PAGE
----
After writing previously for SailGP.com on sustainable fuelling, I thought I would take this opportunity in my second blog to reflect on my career to date, and how I got to where I am today.
Firstly, I would say none of this was planned. That’s important I think, as I will come on to. It began when I was a kid when at the age of 8 I first got into sailing, along with many other sports including football, tennis, cricket and swimming. My parents ran their own jewellery business and were very busy, so I would cycle to as many different sports as I could.
As I got into my teenage years, I started taking sailing more seriously. I loved it. I was fortunate enough to get the opportunity to join the British Sailing Team full time and spent several years training in the 49er class with many of the guys who are here with me now in SailGP.
After I finished school, however, I had a decision to make. I was at a point where I didn’t really know what I wanted to do and there weren’t really as many options in professional sailing around then. So, I decided to put my A-Levels in Maths and Physics to use and went to Loughborough University to study a Systems Engineering degree. It was one of the best decisions I’ve ever made. It was an amazing experience.
It was at Loughborough where I started rowing to keep fit, and quickly fell under the wing of some great coaches. I loved working hard and training hard, whilst juggling that with my lectures. Then when I finished University and got my degree, I was given the option to join the British Rowing Team full-time.
Once I was in that environment, I got sucked in, training three times a day for four years. I was fortunate again to be in some good boats and win some medals at World Championships which then culminated in us winning the Olympic gold medal in Rio in 2016. I didn’t find rowing until I was 21 and then six years later I had a gold medal! It was pretty mad.
After that cycle I was at another crossroads, again not knowing what to do. Thankfully this time I had my engineering degree to fall back on, and I began working for Rolls-Royce as an engineer. It was during this period that I got a call from some of the old sailing guys getting involved in SailGP and asked if I wanted to give it a shot.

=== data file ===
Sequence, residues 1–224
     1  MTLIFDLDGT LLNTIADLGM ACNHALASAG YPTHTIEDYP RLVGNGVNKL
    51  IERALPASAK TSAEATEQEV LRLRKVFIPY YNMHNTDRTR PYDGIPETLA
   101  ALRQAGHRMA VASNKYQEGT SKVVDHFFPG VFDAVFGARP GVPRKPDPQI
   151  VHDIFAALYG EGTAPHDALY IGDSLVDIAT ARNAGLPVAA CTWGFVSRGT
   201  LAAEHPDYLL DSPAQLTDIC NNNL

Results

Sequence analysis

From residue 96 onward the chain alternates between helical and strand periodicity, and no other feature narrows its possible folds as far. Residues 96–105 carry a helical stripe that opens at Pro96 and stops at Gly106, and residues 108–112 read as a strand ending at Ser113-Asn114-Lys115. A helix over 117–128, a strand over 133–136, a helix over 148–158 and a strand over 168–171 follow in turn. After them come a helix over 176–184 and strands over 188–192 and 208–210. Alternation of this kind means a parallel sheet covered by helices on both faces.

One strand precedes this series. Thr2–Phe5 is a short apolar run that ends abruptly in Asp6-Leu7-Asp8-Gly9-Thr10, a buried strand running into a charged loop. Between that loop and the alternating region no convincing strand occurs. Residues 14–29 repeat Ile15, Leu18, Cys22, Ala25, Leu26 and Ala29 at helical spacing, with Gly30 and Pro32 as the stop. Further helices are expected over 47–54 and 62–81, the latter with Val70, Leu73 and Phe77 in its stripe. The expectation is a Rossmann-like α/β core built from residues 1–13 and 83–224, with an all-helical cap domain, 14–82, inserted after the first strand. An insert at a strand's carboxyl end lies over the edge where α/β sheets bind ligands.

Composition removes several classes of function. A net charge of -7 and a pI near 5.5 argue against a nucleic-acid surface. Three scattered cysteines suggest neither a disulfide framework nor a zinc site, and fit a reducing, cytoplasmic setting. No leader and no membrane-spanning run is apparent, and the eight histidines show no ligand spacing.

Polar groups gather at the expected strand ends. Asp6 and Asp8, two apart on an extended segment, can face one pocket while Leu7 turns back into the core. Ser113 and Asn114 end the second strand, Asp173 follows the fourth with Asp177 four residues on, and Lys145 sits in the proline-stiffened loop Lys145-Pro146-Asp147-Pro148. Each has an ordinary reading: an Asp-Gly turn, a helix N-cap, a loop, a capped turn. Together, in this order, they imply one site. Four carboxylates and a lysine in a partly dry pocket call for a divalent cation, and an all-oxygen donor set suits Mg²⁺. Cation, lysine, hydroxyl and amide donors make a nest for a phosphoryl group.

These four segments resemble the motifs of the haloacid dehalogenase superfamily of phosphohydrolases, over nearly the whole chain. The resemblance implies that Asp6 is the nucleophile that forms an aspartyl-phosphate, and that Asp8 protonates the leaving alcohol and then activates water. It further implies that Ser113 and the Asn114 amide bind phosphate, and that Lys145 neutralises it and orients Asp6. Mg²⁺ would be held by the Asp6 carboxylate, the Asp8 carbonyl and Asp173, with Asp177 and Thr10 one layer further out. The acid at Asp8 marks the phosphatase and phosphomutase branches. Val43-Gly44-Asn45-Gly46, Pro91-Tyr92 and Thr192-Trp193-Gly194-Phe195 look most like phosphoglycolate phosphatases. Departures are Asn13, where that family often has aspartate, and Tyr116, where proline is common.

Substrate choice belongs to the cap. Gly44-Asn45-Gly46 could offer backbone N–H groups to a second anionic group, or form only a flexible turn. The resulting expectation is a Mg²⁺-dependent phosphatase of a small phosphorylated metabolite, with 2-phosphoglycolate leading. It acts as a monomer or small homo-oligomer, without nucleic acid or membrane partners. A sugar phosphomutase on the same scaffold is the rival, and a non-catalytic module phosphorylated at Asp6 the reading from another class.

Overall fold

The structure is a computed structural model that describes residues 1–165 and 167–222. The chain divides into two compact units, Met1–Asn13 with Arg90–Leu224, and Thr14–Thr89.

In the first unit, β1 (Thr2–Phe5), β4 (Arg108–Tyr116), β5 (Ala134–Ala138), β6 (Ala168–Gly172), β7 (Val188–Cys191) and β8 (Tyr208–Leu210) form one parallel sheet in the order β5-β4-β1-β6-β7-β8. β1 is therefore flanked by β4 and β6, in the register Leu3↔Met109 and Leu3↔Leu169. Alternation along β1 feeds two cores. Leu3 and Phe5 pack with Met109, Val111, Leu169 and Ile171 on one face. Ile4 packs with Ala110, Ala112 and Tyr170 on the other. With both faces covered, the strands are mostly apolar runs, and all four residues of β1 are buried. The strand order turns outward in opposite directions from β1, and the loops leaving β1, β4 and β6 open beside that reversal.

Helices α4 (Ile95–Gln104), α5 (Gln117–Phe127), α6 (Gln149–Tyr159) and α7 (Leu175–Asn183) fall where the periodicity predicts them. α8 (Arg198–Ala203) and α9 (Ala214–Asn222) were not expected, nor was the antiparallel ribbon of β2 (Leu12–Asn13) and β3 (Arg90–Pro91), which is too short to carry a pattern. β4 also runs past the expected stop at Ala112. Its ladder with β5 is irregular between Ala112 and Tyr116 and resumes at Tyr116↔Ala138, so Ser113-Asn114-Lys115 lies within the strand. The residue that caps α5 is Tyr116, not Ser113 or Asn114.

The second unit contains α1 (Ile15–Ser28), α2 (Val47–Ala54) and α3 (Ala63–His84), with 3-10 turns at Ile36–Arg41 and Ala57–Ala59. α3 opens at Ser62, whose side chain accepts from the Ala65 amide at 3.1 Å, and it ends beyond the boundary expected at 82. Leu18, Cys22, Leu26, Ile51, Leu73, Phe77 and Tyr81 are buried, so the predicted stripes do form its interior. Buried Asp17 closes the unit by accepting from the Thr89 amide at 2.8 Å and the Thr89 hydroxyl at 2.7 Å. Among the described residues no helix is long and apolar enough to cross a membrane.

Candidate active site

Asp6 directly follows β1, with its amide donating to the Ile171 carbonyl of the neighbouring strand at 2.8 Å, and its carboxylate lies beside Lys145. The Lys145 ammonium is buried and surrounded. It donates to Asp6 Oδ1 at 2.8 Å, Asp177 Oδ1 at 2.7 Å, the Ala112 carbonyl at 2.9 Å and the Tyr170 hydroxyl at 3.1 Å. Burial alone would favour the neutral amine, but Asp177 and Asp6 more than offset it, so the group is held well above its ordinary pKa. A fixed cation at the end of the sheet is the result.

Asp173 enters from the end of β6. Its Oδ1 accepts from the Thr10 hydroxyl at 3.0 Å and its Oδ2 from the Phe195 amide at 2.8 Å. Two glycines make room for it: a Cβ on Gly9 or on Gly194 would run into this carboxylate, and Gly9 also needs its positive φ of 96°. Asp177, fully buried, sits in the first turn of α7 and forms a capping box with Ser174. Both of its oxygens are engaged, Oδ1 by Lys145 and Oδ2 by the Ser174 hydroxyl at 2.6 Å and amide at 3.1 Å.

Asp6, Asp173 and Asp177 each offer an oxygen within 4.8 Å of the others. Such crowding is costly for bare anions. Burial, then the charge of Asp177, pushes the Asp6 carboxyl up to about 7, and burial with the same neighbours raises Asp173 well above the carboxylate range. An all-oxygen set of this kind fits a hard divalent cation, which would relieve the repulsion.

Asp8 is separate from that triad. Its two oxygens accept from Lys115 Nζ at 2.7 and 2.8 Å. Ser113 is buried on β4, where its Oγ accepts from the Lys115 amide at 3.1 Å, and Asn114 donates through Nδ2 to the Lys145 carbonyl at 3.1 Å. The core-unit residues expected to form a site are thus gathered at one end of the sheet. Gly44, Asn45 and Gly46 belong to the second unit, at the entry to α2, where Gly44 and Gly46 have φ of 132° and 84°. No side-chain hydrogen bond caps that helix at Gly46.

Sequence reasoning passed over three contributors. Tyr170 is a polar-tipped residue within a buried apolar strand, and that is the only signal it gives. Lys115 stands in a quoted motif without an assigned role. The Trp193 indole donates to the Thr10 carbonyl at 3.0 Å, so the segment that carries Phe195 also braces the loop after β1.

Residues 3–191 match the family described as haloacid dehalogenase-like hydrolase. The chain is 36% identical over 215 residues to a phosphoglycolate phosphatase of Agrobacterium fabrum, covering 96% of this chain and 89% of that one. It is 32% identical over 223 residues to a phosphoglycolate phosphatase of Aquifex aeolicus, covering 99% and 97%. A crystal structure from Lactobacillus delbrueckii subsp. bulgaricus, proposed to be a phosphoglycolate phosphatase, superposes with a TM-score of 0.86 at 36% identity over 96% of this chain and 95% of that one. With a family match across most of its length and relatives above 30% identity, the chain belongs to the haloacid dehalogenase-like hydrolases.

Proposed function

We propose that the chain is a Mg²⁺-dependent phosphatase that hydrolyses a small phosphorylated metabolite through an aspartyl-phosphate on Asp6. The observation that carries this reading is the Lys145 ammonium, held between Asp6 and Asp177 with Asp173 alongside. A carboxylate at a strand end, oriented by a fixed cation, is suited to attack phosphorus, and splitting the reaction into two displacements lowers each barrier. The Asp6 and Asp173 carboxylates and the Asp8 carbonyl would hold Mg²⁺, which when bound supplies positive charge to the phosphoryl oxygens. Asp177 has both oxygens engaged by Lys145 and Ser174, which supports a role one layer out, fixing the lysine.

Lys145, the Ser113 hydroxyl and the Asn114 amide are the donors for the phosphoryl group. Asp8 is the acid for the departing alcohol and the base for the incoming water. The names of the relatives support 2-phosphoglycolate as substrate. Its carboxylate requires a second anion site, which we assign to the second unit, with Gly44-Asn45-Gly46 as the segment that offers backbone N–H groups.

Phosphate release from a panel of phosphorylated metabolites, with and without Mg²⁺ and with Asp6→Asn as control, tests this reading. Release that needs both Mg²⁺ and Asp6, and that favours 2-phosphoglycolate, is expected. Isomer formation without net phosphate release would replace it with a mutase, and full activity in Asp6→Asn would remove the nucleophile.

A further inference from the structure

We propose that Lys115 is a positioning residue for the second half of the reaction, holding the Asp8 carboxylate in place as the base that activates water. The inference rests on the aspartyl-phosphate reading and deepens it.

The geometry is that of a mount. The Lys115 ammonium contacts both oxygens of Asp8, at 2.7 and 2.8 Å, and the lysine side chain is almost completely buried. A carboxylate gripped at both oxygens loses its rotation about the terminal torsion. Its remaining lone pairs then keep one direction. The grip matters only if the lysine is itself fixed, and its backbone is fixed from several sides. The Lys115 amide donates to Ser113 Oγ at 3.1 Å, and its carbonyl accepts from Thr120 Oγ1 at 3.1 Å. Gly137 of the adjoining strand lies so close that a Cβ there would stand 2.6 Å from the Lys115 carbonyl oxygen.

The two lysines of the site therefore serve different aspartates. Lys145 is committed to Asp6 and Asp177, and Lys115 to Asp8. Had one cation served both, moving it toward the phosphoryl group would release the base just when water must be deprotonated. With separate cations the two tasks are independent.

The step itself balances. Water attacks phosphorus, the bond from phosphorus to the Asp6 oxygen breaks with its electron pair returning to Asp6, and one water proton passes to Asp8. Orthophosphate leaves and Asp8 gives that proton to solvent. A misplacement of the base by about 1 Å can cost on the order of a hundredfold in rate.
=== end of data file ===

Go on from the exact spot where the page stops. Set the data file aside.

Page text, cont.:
It all went full circle, and I ended back on a sailing boat again. This time round, however, things had changed a bit from my old 49er days. I was now sailing backwards, foiling, at 100KM/H!
Nowadays these boats are so technical that it’s really useful to have an engineering background. There’s so much going on, from the hydraulics to the electronics, to the software to the hardware, that it is good to have an understanding of how it all works, especially when you are out on the water and there’s only five of you on the boat. It’s a great platform to have, and even more so in the world of the America’s Cup.
Through SailGP I met a few of the team from the America’s Cup world who saw I was training hard, working hard, and could be an asset. Having an engineering degree on your CV is always going to help in that world where the boats are constantly evolving and developing and it’s as much a design race as a sailing race. I'm always keen to do more on the engineering side but I'm very clear that my role at the moment is to be as fit as possible so that takes over most of my time.
It’s hugely important to have these other strings attached to what you are doing, especially in sport because you can’t be an athlete forever. It’s important to look at other areas, whether that’s engineering, sports science, data analysis, marketing, media, finance, there’s so many areas involved in our sport.
Reflecting on my career to date like this, I think the one thing it shows is that you can’t plan too far ahead, your ‘Plan A’ is never going to happen in life, especially in sport. What’s important is to take on each challenge as it comes with a smile and crack on. Even if you’re doing a job that you don’t particularly enjoy, if you do it well then you never know what’s going to happen around the corner. Doors will always open when you least expect them. If you have a little bit of self-belief in yourself you will be surprised where you can go and what you can do. I’ve never said ‘no’ to anything yet and it’s worked out well so far!
Until next time.